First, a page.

Breaking up with Facebook…Can it Be Done?

Over the past few years I have taken many Facebook breaks. It followed the same pattern. I would realize I was checking it constantly and it was feeding unhealthy thoughts and behaviors. It would last months at a time, but it was something I would always end up coming back to because I would make a new friend and they would ask to connect on Facebook. I would find out I missed out on parties because my friends had invited me on Facebook only and thought I saw it. I’d realize that I wanted to talk to someone and I didn’t know how to contact them any other way. And honestly, I had gone back to Facebook to reconnect with someone unhealthy for me when I should have walked away, which is a story onto itself. I would go back on to see pictures that friends would only post there. And of course as a communications professional I could never really give it up…until I realized I could (at least personally).

Several times I have stepped away from it to the point that I have to stop to question the hold it has on me. Is this even fun? Is this leading to deeper and better friendships? ‘No’ and ‘no’ were my answers. Between the politics and fake news it has become at best tiresome. I have been inching away from Facebook for years. I have gotten more friends’ phone numbers and email addresses. I have honestly spent more time with friends and talking to friends off of Facebook.

Recently I blocked someone and it took me a minute to do it because I thought of how they might react to such a thing. This was a toxic person for me and someone that I don’t feel respects me or cares about my feelings, but because of Facebook there is now this strange official way to sign off on the friendship. I blocked them and then I deactivated my account shortly after because I realized that Facebook is like a toxic relationship. There are always things to draw me back in, but moreover at this point it isn’t fun or helpful.

And it is a waste of time. When I am not on Facebook I have more time to actually spend with friends, volunteering, cooking, working out, paying attention to my pets, and making art. These things bring me joy. These things are self-care.

More often than not Facebook leaves me stressed out and feeling worse than when I logged onto it and more often than not I am seeing posts from near strangers. I am not actually seeing things from my dearest friends (in part because many of them like me have felt Facebook is not a good thing in their lives). Many of my friends have left Facebook often citing the same reasons of feeling unhappy by checking it.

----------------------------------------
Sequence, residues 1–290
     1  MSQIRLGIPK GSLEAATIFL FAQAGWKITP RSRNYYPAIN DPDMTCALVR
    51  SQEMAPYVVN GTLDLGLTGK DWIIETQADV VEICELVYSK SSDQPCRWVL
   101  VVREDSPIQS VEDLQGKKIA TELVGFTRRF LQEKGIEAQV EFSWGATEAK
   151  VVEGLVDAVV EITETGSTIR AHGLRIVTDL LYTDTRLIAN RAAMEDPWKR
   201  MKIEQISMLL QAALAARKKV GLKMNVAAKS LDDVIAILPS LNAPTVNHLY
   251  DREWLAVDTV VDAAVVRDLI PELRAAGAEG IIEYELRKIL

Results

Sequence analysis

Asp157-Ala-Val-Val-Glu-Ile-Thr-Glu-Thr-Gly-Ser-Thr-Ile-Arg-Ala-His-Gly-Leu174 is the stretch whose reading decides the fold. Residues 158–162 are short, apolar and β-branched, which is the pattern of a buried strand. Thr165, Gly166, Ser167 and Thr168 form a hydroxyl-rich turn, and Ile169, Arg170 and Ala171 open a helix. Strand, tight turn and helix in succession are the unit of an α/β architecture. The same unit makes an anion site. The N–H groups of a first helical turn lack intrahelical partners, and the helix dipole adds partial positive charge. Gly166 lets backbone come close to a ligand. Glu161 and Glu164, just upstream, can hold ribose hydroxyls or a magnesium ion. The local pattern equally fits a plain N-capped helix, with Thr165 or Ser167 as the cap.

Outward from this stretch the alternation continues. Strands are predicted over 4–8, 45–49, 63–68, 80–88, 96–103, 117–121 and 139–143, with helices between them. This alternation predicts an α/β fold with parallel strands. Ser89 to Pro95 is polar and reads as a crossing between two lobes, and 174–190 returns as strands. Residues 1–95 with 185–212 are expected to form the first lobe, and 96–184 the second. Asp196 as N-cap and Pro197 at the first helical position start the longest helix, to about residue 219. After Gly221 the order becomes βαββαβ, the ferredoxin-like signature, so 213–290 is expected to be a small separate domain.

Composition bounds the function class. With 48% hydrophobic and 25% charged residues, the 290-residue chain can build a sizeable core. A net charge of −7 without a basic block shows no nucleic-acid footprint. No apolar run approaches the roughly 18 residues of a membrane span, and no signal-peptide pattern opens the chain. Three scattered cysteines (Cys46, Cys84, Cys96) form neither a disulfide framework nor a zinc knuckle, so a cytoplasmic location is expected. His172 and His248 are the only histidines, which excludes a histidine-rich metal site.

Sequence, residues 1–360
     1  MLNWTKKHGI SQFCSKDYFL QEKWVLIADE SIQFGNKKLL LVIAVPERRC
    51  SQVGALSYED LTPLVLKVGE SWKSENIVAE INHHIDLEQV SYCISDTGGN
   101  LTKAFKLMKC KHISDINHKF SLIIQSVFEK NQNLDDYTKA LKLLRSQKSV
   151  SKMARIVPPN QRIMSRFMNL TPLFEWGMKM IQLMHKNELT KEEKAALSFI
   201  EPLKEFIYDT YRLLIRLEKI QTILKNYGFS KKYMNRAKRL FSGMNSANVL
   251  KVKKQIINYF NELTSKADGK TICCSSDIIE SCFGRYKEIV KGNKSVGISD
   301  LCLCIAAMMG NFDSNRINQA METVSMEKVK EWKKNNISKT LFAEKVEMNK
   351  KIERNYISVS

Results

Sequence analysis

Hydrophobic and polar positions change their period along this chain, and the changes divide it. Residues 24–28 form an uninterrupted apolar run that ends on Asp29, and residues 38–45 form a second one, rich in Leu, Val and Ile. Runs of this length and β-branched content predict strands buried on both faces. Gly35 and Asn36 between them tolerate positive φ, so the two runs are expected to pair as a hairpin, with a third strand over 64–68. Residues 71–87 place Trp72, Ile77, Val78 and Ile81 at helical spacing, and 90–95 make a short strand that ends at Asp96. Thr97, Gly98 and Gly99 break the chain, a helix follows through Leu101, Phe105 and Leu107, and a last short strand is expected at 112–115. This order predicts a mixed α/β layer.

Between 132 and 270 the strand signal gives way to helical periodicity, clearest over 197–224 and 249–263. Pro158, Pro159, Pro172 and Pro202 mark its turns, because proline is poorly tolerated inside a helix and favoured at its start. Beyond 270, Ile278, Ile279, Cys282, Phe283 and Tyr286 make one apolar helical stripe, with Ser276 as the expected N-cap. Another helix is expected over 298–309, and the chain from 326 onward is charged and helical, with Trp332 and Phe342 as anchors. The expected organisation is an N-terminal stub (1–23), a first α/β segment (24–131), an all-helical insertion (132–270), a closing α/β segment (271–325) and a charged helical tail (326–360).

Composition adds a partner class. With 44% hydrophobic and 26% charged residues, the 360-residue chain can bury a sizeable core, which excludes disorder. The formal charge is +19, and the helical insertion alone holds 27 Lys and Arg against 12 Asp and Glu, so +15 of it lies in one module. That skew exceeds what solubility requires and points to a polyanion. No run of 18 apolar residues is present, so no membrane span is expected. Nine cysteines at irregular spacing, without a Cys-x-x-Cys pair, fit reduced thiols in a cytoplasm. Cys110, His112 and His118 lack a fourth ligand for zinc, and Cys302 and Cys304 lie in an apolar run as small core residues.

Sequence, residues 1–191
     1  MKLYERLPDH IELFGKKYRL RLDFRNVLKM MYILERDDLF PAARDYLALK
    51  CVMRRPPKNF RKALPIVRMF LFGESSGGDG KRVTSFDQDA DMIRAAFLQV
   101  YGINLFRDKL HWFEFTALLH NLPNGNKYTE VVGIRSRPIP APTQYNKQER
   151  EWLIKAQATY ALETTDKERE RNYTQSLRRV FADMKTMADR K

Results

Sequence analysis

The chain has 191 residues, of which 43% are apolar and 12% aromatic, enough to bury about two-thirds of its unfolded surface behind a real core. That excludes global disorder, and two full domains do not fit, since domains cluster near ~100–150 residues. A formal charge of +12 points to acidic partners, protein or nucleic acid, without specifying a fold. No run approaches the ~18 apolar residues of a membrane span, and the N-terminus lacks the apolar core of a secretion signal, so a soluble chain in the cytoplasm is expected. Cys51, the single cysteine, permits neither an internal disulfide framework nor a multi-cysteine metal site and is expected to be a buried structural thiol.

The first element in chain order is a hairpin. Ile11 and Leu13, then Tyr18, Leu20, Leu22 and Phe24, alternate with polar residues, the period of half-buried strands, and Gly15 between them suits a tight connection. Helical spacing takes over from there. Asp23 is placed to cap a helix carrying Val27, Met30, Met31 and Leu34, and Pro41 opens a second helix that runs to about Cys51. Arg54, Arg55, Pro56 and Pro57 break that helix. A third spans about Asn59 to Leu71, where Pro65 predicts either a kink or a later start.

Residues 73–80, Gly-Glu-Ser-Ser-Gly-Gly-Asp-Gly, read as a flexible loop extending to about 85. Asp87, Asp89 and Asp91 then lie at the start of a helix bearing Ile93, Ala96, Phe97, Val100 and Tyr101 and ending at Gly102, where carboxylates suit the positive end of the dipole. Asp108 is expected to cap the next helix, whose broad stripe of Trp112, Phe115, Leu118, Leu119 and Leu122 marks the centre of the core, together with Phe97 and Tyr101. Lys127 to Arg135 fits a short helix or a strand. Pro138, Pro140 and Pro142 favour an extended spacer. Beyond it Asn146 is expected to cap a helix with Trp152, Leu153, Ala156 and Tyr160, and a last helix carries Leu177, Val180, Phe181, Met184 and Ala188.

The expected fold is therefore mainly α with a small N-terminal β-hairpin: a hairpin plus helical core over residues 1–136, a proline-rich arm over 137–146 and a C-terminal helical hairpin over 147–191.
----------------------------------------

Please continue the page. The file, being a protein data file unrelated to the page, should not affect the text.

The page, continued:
And I’m struck by knowing that there are people who are top communications professionals that do not use Facebook. I think at some point I will log back in to gather photos and get contact info for people I genuinely do not want to lose touch with if I quit for good. But if I feel I need to do Facebook for professional reasons I will set up a new account for that alone.


When it comes down to it I have found that when I am not using Facebook I am happier. I spend more time with friends. I reach out more often to friends far away for a phone call or to visit them in person. I don’t mindlessly walk looking at my phone. I don’t get anxiety over people I hardly know that I knew long ago giving me too much attention. Truthfully, there are people that I want to go back to get their emails and phone numbers. But overall many of the people I have nothing against, but it would be okay if they just weren’t privy to my life at all anymore. It feels harsh to “unfriend” someone on Facebook, but in real life sometimes those connections just go away naturally and that is healthy. In truth, I think Facebook has done very little with sustaining the lasting friendships I have in my life. I talk to one of my best friends on Pinterest nearly daily, but Facebook is more a stream of people I randomly met and ads to buy things it thinks I want.

For awhile I had fun unfollowing pages. When Facebook started I followed pages as a way to bookmark things. It obviously was cluttering things up so I would go to Facebook pages and unfollow and then Facebook asked me if I wanted to unfollow more. I thought it was a great idea. See, then Facebook would reprimand me. If I unfollowed too many it literally would state that it didn’t think I was using the feature correctly and warn me it would block me from doing this in the future. I felt like I was a character from the book Feed by MT Anderson in which the internet is implanted in people’s brains and what happens if you start to mess with the feed.

When it comes down to it, it seems like no one is actually having fun with Facebook anymore. We all seem to stay because of an obligation to keep connected and to see pictures. But what if we just connected in person, by phone, or email? Or even other social media?

This is the first time in my leaving Facebook that I really feel no desire to go back to it other than to connect with others before giving it a final heave-ho. When you deactivate an account Facebook gives you a hard time (naturally). They try to give you other options and make you feel like they can make it better for you.

In the end I told them I was deactivating my account because of the fake news. It is in part true. But also, it just isn’t fun anymore and it is hardly worth my precious free time. I likely will use Facebook again professionally, but as I work to simplify my life I think Facebook is mental clutter that can be cut from my daily life.